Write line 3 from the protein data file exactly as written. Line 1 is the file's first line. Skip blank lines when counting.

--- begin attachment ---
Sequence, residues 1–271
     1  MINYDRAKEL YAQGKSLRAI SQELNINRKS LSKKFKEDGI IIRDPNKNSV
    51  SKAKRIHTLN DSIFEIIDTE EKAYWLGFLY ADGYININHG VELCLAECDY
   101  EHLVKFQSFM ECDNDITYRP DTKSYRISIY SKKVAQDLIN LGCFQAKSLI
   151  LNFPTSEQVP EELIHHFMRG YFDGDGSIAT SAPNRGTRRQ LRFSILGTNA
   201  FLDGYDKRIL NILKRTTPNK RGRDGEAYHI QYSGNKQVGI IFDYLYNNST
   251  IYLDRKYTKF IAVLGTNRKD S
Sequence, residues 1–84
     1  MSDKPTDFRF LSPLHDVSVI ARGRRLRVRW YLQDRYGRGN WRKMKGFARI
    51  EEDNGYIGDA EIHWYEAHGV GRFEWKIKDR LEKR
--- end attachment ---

    51  SKAKRIHTLN DSIFEIIDTE EKAYWLGFLY ADGYININHG VELCLAECDY